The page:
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It’s a strange time to be an investor. Surprisingly, the stock market has been surging while the Federal Reserve has raised interest rates at an unprecedented pace over the last 15 months.
Normally, rising rates throw the market into a funk – and that happened for much of 2022. But since October the market has raced higher, leaving many investors scratching their heads.
Bankrate surveyed investing experts to get their take on how investors should respond to the Fed’s potential actions through the end of the year, and how investors should think about their bond portfolios given the high rates available right now.
The survey also asked these investors about how to approach the epic run in the Nasdaq Composite this year. That index is up a stunning 31 percent in 2023, even as the Fed continued to raise interest rates aggressively, leaving many investors bracing for a recession.
Here’s how these pros said individual investors should respond to the uncertain environment.
Forecasts and analysis:
This article is one in a series discussing the results of Bankrate’s Second-Quarter 2023 Market Mavens survey:
- Survey: Experts see 10-year Treasury yield falling over the next year
- Survey: Experts predict stocks will rise less than 4% over coming year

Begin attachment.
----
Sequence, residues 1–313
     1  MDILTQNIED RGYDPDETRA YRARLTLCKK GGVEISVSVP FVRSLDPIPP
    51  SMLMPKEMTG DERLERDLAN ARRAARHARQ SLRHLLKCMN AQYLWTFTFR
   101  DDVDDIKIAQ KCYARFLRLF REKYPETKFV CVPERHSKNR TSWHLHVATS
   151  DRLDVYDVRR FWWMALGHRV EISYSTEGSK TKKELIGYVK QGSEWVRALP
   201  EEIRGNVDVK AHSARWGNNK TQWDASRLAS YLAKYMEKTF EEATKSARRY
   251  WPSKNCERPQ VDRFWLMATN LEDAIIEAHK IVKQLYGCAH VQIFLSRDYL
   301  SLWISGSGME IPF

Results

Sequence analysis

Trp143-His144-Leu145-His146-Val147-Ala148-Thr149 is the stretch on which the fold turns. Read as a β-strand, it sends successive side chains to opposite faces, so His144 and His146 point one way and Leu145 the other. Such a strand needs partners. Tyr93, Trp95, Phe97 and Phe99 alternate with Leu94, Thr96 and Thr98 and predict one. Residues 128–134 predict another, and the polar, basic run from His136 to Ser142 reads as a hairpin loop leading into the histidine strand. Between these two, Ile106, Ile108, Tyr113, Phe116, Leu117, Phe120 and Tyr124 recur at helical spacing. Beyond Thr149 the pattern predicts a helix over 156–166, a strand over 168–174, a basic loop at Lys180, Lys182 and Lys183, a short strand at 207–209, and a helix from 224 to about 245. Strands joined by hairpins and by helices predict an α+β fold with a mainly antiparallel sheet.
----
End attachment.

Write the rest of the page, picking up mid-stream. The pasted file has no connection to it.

- Survey: Here’s how to invest amid a surging stock market, rising interest rates and an aggressive Fed
How to respond to the Fed’s actions through the end of 2023
While the Fed may have taken a breather on raising interest rates at its June meeting, it comes after a string of 10 straight meetings where it raised rates, dating back to March 2022. And the pause may be exactly that, merely a pause, since Fed officials expect the central bank to raise rates later in the year, if inflation remains too hot.
Now, whether inflation remains too high and the Fed bumps rates or not, investors are figuring out how to respond. Add in the prospect that still-higher rates could continue to play havoc with banks and create further bank runs, and investors have quite a bit weighing on their minds.
So how should investors respond to the fraught situation? A sizable portion of the experts said to look past the potential short-term choppiness of the market and think long term.
“Investors now expect the Fed to cut rates by 200 basis points in 2024,” says Michael Farr, CEO, Farr, Miller & Washington. “The only reason the Fed will reverse its course on policy is economic extremis. Stock prices will suffer and then recover as the Fed steps on the monetary gas pedal.
As for what investors should do? Farr says: “Long-term investors endure these cycles and do little trading. Time [in the market] and not timing [the market] makes long-term investors the most money.”